Biden cuts more student debt but defers on bigger fixes

Campaign pledge of universal student loan forgiveness remains on the agenda, but disagreement abounds over its wisdom and long-term impact

August 26, 2021
 President Joe Biden walks away from the podium
Source: Getty
Joe Biden has written off some categories of debt, but his education secretary, Miguel Cardona, has said moves towards broader action are ‘under way’

The Biden administration is more than doubling the number of borrowers eligible for forgiveness of their federal student loan debt, calling it a critical act of equity. More quietly, however, it is further backtracking on Joe Biden’s campaign promise of far more sweeping relief.

Among its latest strikes against the $1.7 trillion (£1.2 trillion) pile of student loan debt held by an estimated 43 million Americans, the administration announced that it would discharge $5.8 billion owed by 323,000 people with total and permanent disabilities. “This is in alignment with our strategies from day one to put our borrowers at the centre of the conversation” in higher education, Miguel Cardona, the US secretary of education, declared.

That brought the administration’s total student loan write-offs to $8.7 billion and 455,000 borrowers, with previous rounds also involving limited circumstances such as disabilities and fraud by for-profit institutions.

Shortly after that move, Biden officials announced plans to award full student-debt relief to borrowers defrauded by for-profit institutions, a reversal of the Trump administration policy of granting limited if any forgiveness. The Biden team said it had no immediate estimate of the cost of that decision.

Mr Biden, however, is still hesitating on his campaign promise to forgive at least $10,000 per person in federal student loans, owing to both uncertainty over his legal rights to do so without congressional approval and wide divides within his own party over the wisdom of such a move.

Dr Cardona baulked when asked for the status of the president’s broader loan forgiveness pledge. “That process is still under way,” he told Times Higher Education at a briefing on the disabilities-related expansion, without elaborating.

And a top departmental aide, Ben Miller, further dampened prospects by describing the administration as concentrating on drafting regulatory changes that would give it “targeted loan cancellation” authority.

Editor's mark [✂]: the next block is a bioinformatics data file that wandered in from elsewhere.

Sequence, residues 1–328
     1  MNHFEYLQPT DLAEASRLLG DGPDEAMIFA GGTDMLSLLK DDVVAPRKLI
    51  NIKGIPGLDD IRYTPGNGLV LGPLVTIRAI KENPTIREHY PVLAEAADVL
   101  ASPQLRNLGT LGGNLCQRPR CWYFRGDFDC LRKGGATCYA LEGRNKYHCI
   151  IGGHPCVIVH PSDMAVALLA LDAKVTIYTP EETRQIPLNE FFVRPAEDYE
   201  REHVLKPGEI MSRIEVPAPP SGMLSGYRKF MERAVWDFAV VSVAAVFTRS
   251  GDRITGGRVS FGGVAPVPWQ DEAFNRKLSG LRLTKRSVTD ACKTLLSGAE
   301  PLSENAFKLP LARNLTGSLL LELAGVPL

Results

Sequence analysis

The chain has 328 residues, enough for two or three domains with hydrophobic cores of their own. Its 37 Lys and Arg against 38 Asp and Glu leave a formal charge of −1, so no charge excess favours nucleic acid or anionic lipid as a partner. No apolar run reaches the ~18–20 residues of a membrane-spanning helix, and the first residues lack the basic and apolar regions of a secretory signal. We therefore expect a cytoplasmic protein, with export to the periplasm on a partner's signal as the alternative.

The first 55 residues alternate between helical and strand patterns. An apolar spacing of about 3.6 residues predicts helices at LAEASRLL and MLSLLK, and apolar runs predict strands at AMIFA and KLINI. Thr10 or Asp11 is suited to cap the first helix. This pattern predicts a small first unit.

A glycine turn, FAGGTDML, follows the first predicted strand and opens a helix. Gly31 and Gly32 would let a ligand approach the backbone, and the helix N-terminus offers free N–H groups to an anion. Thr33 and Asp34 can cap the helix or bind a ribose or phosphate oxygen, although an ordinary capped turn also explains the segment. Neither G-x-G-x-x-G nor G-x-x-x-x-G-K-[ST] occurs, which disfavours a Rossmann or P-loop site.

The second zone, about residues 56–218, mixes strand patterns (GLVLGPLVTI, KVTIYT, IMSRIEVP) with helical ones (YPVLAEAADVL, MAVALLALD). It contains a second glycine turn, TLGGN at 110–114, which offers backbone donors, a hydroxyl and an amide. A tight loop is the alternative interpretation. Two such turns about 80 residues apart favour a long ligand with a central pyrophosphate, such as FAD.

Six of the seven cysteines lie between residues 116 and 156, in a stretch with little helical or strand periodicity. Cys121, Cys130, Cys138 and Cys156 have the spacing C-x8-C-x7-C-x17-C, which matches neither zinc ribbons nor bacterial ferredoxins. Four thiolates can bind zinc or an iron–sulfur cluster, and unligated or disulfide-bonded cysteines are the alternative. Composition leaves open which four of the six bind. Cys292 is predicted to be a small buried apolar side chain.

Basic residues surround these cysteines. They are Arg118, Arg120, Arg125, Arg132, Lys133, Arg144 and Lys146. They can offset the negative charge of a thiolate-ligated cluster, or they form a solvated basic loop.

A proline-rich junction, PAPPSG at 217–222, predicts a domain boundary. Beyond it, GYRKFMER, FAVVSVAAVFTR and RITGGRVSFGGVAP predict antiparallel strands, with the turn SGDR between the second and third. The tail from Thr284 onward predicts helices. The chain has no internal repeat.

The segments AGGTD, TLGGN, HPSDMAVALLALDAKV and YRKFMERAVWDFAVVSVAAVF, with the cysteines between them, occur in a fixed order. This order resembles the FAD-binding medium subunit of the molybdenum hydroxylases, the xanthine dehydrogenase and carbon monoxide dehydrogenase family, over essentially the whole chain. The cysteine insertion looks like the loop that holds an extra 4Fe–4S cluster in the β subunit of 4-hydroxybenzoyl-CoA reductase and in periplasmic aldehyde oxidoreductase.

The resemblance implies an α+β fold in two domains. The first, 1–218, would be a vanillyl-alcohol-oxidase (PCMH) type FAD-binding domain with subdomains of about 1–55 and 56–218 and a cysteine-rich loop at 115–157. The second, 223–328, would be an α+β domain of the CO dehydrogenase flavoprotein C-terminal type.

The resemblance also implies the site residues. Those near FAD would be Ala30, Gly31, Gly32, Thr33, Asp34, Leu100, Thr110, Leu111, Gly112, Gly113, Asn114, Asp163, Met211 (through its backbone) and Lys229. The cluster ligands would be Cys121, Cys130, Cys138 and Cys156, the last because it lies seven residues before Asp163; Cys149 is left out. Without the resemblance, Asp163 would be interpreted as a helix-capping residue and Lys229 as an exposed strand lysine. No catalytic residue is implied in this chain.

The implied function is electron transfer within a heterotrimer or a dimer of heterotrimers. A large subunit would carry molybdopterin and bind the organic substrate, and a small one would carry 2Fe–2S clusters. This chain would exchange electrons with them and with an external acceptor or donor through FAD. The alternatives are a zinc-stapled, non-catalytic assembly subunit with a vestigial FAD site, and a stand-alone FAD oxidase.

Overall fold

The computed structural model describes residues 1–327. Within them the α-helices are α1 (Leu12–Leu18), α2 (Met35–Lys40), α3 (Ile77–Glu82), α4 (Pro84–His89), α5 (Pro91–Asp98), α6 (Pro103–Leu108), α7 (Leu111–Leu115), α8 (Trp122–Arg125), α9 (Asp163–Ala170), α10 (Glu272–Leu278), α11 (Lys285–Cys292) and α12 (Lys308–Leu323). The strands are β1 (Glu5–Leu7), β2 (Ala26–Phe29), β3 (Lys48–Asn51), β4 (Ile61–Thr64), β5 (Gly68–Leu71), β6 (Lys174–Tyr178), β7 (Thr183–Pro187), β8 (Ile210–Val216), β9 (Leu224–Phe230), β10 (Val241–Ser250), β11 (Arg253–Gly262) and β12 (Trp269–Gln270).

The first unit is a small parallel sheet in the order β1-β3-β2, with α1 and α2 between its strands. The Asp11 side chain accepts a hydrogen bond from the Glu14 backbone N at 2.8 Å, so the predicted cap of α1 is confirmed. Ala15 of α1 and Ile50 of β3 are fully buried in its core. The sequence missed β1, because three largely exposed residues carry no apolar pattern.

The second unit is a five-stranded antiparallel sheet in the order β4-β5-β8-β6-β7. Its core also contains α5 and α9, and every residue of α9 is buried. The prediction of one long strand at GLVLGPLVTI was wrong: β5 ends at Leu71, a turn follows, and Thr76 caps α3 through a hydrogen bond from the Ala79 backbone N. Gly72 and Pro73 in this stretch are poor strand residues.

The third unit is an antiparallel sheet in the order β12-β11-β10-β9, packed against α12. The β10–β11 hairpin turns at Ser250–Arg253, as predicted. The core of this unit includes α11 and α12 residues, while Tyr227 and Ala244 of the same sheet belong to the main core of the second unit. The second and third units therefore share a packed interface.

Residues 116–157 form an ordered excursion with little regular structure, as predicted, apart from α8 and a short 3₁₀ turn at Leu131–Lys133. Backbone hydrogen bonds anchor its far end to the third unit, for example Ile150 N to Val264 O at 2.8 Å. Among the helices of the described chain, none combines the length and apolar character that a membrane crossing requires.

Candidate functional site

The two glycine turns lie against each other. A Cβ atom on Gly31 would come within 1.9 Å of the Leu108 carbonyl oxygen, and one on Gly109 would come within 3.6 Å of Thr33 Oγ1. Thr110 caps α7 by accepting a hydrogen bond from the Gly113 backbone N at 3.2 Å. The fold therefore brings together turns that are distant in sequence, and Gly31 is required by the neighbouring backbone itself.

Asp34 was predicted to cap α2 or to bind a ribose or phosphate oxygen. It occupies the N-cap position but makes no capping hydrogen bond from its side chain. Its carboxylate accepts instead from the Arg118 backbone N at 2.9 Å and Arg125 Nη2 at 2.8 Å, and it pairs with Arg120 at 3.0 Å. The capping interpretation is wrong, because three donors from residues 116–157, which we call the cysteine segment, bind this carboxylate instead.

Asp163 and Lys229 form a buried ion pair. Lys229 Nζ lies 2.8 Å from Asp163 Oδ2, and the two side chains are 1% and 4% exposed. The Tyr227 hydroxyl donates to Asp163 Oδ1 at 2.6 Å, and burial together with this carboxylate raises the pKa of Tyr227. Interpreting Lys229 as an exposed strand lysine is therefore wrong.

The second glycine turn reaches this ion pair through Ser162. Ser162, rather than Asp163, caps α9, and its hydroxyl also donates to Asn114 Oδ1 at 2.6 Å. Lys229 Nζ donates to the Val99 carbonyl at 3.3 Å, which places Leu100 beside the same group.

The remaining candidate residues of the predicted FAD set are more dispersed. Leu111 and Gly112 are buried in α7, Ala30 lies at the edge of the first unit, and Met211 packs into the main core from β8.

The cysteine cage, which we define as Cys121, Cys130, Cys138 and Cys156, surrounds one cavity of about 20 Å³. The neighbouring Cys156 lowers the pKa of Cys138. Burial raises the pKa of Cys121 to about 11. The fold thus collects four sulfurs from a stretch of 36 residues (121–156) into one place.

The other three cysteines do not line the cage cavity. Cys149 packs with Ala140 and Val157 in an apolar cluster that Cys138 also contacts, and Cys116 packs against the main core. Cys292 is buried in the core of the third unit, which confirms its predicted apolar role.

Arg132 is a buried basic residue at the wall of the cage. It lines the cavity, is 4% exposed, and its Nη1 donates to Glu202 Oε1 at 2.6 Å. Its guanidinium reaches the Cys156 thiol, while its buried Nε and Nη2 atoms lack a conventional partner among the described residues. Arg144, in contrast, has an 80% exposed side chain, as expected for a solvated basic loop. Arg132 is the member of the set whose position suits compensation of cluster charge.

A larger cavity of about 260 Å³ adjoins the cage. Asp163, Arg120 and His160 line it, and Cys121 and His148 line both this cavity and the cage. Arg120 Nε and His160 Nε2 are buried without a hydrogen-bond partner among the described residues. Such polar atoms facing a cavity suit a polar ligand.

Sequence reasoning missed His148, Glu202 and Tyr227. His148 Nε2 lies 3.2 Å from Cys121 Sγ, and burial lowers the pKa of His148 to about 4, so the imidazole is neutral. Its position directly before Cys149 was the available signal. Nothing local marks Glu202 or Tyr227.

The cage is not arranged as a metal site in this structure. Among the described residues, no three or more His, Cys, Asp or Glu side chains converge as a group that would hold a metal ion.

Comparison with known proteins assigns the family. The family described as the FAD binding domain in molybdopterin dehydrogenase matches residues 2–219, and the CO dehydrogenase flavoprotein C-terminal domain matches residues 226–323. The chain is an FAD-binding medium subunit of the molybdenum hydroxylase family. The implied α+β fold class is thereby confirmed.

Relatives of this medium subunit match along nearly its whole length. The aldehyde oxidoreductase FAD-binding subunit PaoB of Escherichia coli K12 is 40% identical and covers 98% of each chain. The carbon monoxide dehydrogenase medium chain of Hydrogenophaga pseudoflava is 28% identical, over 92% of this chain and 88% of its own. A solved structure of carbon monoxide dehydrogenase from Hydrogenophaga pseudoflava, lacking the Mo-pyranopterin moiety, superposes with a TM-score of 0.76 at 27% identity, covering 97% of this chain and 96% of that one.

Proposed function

Mr Biden repeatedly promised the $10,000-per-person cancellation during his presidential campaign and afterward. The idea carried political appeal because it would cost taxpayers less than a quarter of the $1.7 trillion total debt while freeing more than a third of all borrowers from any further obligations, helping them to move ahead with buying homes and starting families.

But even his progressive backers, and independent analysts, cannot agree on its ultimate value to the economy. And there is even less study on the potential effect of widespread student loan forgiveness on the long-term conditions for colleges and universities.

Chief advocates of universal student loan forgiveness include Elizabeth Warren, a senator from Massachusetts and a 2020 presidential contender who backs $50,000 per person in debt cancellation, plus various groups and leaders within minority communities who feel that student debts are stifling the growth of the black middle class.

Yet others in Democratic circles − as well as many Republicans − have raised concerns that unilateral student loan forgiveness might benefit large numbers of wealthier Americans and create chaotic uncertainties in the federal loan programme in the future.

That split grew wider in recent weeks when the top Democrat in Congress, Nancy Pelosi, the speaker of the House of Representatives, said Mr Biden lacked the legal authority to cancel student loan debt on his own and suggested that it was also a bad idea politically. Yet the Senate’s Democratic leader, Chuck Schumer, has been a vocal supporter of forgiving $50,000 per borrower.

Experts who study the question have their own divisions. Sceptics of broad student loan forgiveness include the left-leaning Urban Institute, which sees the idea as having regressive elements, given that it treats struggling lower-income borrowers no better than those with graduate degrees and high incomes.

The centre-left thinktank Third Way takes a similar view, seeing universal debt cancellation plans as carrying a “massive price tag that benefits upper-income Americans the most”.

Those on the other side include the liberal Roosevelt Institute, which acknowledges that wealthier borrowers might get money they do not need but regards such situations as limited. The average per-borrower benefit from an across-the-board $50,000 cancellation, according to the institute’s calculations, would exceed $17,000 per person among black households in the bottom 10 per cent of net worth and just $562 for people in the top 10 per cent of net worth.

Another assessment, by experts at the Levy Economics Institute of Bard College, said outright student debt cancellation by the federal government would give the economy a boost that would partially offset its cost, “with only moderate effects on the federal budget deficit, interest rates and inflation”.

The question of a president’s legal right to cancel student debt also creates fractures in professional assessments. There is, however, little dispute that it can be done in specific situations such as disability and fraud. And both Mr Biden and his predecessor, Donald Trump, have delayed all student loan payments and the accumulation of interest since early in the pandemic, citing the economic emergency.